I full agree with this! Your fellow high school classmates aren’t thinking of you, because they’re just as self-conscious as you are. They’re thinking of themselves.
And it seems like one of the ways to enjoy high school is to do the opposite; to get out of your own brain and consider how other people are feeling — not in order to judge them, but to feel empathy and compassion. The ability to understand how the people around you are feeling is a game changer.
You are smarter than they think. You are not as smart as you think you are. The Hidden syllabus in high school is that the adults are more flawed than you can ever believe and are perfect examples of ‘do as i say, not as i do” (religious school/ very unaccepting of male-female friendships, the married principal was err overly friendly with the married math teacher, punished anyone who suspected, founding families were awarded majority of class medals)
So true. The sooner kids understand that the adults around them are human — including their parents! — the better.
Gabby, love the ideas in this post but respectfully disagree that sports aren’t as meaningful. My son is 15 and has run 5 half marathons. When he was 12 he figured out that the Boston Marathon in 2020 is 4 days after his 18th birthday and he wants to run it. He has goals that he works toward and he and my daughter have special friendships on their cross country teams. You can make your mark in all different ways. (The day before he was born we watched the Boston marathon in Natick MA and he was born in Boston the very next day).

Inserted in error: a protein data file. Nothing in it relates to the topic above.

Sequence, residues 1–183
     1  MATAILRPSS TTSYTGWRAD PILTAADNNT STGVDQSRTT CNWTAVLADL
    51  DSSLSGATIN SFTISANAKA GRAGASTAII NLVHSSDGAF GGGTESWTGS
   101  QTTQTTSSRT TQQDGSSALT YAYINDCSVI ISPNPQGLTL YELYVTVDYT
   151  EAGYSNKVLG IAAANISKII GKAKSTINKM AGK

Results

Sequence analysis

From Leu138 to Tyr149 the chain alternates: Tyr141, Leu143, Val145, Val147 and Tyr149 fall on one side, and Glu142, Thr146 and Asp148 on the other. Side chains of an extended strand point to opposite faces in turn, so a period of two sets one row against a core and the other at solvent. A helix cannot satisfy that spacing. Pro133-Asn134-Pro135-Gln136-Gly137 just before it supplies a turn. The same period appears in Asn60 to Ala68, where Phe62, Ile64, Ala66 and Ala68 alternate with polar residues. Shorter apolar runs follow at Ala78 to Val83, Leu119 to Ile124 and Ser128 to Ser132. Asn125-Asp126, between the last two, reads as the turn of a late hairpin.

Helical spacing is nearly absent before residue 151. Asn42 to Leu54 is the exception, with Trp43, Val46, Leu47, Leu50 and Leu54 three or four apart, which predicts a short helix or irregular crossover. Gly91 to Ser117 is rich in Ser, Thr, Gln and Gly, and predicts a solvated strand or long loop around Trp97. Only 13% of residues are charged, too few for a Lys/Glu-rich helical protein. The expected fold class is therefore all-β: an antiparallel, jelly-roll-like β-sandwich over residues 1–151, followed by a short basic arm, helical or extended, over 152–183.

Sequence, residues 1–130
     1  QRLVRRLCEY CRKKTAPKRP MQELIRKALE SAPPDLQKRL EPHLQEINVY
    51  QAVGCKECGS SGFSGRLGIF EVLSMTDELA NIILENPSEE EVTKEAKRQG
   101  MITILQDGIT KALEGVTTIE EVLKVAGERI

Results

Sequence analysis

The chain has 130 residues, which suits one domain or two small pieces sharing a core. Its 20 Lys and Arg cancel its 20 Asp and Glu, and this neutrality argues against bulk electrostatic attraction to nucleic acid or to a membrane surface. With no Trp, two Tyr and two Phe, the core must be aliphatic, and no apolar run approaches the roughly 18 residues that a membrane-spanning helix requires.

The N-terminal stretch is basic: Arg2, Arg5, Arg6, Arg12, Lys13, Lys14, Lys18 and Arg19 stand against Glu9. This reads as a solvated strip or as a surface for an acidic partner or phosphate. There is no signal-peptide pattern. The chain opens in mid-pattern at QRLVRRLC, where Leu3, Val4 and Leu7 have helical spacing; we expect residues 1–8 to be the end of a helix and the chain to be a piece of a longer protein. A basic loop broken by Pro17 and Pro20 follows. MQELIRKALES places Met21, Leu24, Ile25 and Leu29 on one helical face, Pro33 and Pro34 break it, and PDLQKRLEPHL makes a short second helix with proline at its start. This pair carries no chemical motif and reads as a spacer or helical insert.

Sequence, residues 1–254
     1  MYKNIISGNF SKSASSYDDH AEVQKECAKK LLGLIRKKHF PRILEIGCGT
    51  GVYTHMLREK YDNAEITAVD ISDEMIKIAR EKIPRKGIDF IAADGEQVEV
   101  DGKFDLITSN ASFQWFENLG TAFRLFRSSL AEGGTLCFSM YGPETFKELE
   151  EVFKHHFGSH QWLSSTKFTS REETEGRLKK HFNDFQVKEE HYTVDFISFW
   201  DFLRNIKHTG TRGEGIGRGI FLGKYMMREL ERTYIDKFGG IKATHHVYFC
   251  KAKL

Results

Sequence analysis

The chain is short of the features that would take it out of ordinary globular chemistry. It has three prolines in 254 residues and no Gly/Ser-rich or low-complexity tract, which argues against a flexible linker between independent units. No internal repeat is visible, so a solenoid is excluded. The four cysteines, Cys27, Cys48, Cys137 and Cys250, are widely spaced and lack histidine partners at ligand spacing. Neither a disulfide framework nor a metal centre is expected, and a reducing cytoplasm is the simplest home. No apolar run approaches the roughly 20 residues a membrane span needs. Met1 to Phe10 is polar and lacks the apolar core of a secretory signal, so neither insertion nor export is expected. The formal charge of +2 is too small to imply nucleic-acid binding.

I hear you, Amy, and I should have been more careful with that example. I’m a big fan of high school sports. I participated seriously, and my kids have too. And I learned a ton from my participation — like the special friendships you mention. But not always the same kinds of things that I learned from self-directed projects.
The half-marathons you describe your son running sound very self-directed — versus being told to run a marathon by a coach. It sounds like your son likes to accomplish goals that he’s thought up in his own head. Which aligns closely with the advice I was trying to give in this post. (So maybe we’re actually on the same page. Hah!)
Gabby, I knew you would understand=). He is very self-directed! Thanks for writing back. I love your website.
Listen to your grandparents, your aunts, and uncles about using sunscreen!
Hah! Yes to this.
I love Olive’s style. Looks like she’s having fun with it too.